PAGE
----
THE RED SOX LEAVING FOR ST. LOUIS
THE CURSE OF THE BAMBINO, PART 2 ...
A POWERFUL RED SOX TEAM FAILS
IN THE WORLD SERIES ...
October 3, 1946 ... Receiving the double benefit of a break in the weather, stiff competition from the opposition, the Red Sox defeated the American League
All-Stars, 4 to 1, in front of 2740 onlookers at Fenway Park, prior to departing for St. Louis.
With Dom DiMaggio back in the lineup and facing the speedy pitching of Hal Newhouser, who bore down against the Sox as though he was in midseason competition, the team enjoyed a fine prep for the long-delayed extravaganza. Against the combined mound efforts of Newhouser and the Athletics'
Phil Marchildon, the Sox knocked out eight blows, while Earl Johnson, Jim Bagby and Bill Zuber pitched great ball over nine innings. Coach Del Baker, acting as manager in place of Joe Cronin, played his regulars for the major portion of the game, in order to keep them sharp for the real
The All-Stars scored in the first inning on singles by Snuffy Stirnweiss and Luke Appling, with the Yankees second baseman scoring when Joe Grace grounded in a doubleplay. Earl Johnson, pitching at the time walked Hank Greenberg, then got Joe DiMaggio and retired six straight batters through
the next two innings, leaving for Jim Bagby to take over in the fourth inning.
The Sox tied things up in the second inning, as Bobby Doerr singled to left, took third on Mike Higgins' single, and scored on Roy Partee's fly out to Joe D. McBride singled in the fourth set up Rudy York's home run that would win the ballgame.
Newhouser received a fine hand as he left the game after pitching five innings, allowing five hits and striking out five batters. Bagby pitched three scoreless innings for the Sox, through a six, allowing a hit each inning. He struck out Greenberg in the fourth and did not walk a man.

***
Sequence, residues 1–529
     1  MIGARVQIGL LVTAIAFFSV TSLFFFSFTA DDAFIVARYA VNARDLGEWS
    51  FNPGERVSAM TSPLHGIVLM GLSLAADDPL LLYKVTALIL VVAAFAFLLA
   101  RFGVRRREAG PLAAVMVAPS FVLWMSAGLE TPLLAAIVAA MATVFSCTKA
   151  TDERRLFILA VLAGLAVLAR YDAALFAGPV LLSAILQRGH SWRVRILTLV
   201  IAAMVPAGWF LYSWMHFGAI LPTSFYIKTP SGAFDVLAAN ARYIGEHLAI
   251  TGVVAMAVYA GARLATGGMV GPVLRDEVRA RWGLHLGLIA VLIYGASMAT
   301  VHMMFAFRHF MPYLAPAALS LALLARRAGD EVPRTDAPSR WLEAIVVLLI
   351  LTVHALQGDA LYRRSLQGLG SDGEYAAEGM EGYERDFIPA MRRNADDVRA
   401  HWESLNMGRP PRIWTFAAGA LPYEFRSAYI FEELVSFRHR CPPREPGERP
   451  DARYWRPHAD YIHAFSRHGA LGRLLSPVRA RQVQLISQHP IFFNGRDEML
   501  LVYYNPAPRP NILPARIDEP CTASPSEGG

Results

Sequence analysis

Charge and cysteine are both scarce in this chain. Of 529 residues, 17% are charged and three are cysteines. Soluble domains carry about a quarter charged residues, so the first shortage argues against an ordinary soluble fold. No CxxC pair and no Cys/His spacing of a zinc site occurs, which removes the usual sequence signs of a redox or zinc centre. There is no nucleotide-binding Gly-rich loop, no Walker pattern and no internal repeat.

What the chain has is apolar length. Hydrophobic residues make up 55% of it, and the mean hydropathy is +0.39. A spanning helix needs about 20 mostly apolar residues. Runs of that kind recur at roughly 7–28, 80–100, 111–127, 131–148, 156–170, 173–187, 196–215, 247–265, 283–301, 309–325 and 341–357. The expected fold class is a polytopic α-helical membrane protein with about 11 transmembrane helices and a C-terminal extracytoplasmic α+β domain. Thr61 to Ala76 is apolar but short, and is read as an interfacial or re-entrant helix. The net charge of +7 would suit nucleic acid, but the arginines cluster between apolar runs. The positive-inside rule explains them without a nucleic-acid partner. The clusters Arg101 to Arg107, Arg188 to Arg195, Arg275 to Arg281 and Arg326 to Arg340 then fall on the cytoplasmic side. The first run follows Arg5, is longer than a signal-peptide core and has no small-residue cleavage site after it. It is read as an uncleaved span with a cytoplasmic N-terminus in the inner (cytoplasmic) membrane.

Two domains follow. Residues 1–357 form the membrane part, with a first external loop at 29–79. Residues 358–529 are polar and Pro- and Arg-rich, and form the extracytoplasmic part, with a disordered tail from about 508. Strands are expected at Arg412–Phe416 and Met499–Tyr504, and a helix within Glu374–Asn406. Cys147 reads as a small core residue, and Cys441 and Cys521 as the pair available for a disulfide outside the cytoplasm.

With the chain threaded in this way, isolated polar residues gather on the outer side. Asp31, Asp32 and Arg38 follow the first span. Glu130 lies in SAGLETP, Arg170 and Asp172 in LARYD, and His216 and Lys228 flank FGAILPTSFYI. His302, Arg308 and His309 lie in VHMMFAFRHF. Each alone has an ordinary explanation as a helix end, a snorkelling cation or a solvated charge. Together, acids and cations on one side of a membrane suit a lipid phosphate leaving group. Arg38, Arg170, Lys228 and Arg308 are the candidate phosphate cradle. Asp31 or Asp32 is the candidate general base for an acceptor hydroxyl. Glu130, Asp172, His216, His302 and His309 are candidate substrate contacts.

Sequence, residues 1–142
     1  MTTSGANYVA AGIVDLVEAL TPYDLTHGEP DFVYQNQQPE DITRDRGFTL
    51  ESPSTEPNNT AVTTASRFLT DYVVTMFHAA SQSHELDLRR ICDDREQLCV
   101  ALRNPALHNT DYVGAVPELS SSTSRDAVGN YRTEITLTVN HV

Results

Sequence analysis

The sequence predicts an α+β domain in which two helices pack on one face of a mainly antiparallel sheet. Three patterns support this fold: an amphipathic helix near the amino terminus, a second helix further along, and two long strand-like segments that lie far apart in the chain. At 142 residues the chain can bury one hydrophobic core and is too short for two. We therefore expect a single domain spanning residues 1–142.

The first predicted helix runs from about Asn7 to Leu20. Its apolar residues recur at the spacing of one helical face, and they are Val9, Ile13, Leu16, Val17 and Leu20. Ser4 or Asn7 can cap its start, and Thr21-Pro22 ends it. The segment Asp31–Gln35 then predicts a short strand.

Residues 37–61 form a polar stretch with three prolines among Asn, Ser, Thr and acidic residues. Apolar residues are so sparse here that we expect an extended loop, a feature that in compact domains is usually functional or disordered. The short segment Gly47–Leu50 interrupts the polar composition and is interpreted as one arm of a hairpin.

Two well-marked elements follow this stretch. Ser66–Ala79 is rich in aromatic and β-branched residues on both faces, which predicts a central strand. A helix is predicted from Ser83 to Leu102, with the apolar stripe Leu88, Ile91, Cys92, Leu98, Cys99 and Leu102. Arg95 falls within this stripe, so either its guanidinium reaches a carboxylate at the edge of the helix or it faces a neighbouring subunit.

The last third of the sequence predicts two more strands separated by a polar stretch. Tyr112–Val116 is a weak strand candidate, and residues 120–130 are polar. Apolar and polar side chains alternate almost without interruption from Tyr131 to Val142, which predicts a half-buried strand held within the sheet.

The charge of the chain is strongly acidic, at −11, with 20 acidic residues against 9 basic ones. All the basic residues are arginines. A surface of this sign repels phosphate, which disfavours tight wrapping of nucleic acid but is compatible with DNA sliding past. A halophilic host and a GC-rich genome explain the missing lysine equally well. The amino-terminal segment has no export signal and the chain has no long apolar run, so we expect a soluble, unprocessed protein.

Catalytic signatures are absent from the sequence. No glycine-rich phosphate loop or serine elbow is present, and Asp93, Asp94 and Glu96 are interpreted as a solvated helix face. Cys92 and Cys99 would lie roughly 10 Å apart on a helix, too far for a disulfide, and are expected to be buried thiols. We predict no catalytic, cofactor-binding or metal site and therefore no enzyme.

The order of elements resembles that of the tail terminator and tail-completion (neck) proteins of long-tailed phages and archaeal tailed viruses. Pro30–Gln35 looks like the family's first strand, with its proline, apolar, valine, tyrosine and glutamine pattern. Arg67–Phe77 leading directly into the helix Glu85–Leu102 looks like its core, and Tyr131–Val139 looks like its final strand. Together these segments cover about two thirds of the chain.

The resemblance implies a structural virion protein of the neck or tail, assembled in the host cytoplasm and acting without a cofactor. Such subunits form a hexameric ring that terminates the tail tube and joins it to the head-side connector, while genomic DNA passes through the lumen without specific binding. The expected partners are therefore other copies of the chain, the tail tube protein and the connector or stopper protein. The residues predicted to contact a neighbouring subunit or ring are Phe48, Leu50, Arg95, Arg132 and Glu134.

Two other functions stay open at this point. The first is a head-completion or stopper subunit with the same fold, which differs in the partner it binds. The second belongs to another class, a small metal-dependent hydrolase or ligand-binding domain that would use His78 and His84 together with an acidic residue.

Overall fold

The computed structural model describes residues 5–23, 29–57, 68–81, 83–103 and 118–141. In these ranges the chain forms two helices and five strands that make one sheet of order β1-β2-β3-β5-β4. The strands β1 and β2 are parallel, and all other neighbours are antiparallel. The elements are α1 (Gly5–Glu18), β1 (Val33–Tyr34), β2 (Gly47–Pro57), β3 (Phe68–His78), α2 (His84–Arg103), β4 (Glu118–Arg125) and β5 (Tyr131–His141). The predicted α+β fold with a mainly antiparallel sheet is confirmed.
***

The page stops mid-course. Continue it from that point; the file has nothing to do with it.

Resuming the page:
Marchildon took over for Newhouser in the Sox sixth inning and was touched for the games final run in the seventh. Hits by York and Higgins, helped by Appling's throwing error, allowed the Red Sox the score in unearned run.
Bill Zuber worked through the final three innings, walked two and struck out one. The Red Sox gathered around the radio after the game, to listen to the closing innings of the Cardinals-Dodgers game. Following the game they left to board their 6 o'clock flight to St. Louis for Sunday's start
of the World Series.
Ninety two people were in the Red Sox party as they headed off. Several hundred fans and well-wishers were at the Trinity Place station to see the team off. Ted Williams was the one who was besieged by fans, everyone wanting to wish him well, asking how his elbow was, and wanting autographs.
Eleven members of the Red Sox are taking their wives to St. Louis.
Before leaving, Ted was advised by Hank Greenberg to take batting practice on Saturday. He told Ted that by working out Saturday, he would not feel so much pain on Sunday when the series opens. Leaving Boston, will force Williams to miss the benefits he has derived from the special whirlpool
baths at Fenway Park. There is nothing of this sort in the visiting clubhouse at Sportsman's Park.
Bob Quinn, who is president of both the Red Sox and the Braves, was with the party tonight. He felt glad to be with the team, even know it was in his own.